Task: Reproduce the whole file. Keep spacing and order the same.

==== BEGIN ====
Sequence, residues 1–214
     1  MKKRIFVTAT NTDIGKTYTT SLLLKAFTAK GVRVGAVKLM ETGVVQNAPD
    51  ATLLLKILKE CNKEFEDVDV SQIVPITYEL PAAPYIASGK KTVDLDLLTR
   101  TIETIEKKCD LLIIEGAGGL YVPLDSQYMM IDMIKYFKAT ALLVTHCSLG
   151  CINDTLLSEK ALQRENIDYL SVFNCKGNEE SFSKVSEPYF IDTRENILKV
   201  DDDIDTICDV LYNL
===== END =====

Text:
Sequence, residues 1–214
     1  MKKRIFVTAT NTDIGKTYTT SLLLKAFTAK GVRVGAVKLM ETGVVQNAPD
    51  ATLLLKILKE CNKEFEDVDV SQIVPITYEL PAAPYIASGK KTVDLDLLTR
   101  TIETIEKKCD LLIIEGAGGL YVPLDSQYMM IDMIKYFKAT ALLVTHCSLG
   151  CINDTLLSEK ALQRENIDYL SVFNCKGNEE SFSKVSEPYF IDTRENILKV
   201  DDDIDTICDV LYNL